17 May 2005 Quantitative corrosion monitoring and detection using ultrasonic Lamb waves
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Corrosion is a major problem for airframe operators. For the aircraft industry in general, the direct costs of corrosion are estimated at $2.2 billion. As part of their strategy to control corrosion, airframe operators constantly seek to improve their ability to anticipate, manage and identify corrosion activity. Motivated by the need for an on-line real-time corrosion-monitoring tool for industry and aircraft a prototype system and analysis approach is presented. The tool employs ultrasonic Lamb waves along with a dispersion compensated synthetic aperture focusing technique (SAFT) to detect emerging pitting damage. In order to develop an automated detection approach the noise sources of the SAFT processed defect maps were examined and modeled. The random noise was found to be neither stationary nor normally distributed. Locally varying Weibull distribution parameters are used to characterize the image noise. An algorithm is developed to quantify the uncertainty in the corrosion detection and to allow assignment of a constant false alarm probability to any region of the monitored area.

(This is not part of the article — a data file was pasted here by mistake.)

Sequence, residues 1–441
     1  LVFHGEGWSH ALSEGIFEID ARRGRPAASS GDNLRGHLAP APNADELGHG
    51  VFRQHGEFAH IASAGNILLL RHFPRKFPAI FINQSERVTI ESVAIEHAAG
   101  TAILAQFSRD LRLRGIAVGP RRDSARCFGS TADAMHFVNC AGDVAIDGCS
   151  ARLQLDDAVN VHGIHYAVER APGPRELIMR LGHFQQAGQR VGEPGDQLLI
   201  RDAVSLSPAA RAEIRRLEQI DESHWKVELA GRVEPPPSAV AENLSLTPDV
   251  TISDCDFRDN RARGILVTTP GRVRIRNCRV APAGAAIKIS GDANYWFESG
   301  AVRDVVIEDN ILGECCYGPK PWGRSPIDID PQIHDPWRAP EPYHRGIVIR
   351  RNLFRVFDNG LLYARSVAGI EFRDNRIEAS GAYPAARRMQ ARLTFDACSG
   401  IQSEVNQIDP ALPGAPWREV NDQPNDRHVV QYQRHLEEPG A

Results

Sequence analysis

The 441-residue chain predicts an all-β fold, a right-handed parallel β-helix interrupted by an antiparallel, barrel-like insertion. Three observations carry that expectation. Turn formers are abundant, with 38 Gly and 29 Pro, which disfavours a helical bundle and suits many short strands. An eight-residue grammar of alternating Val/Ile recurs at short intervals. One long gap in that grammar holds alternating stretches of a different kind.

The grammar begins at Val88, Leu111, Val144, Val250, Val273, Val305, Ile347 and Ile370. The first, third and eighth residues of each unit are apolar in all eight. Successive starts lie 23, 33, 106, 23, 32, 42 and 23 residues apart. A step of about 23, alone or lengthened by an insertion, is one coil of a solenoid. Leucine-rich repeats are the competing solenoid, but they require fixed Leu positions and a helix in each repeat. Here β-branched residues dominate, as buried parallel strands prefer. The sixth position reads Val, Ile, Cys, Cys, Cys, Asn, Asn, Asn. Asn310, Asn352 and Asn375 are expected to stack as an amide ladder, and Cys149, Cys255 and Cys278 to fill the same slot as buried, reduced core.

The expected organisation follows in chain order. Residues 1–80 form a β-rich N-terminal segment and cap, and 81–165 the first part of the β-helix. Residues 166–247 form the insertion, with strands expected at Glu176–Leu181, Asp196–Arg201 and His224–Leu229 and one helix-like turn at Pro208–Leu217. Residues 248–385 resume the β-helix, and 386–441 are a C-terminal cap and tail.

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Grant A. Gordon, Russ Braunling, "Quantitative corrosion monitoring and detection using ultrasonic Lamb waves", Proc. SPIE 5765, Smart Structures and Materials 2005: Sensors and Smart Structures Technologies for Civil, Mechanical, and Aerospace Systems, (17 May 2005); doi: 10.1117/12.600356; https://doi.org/10.1117/12.600356

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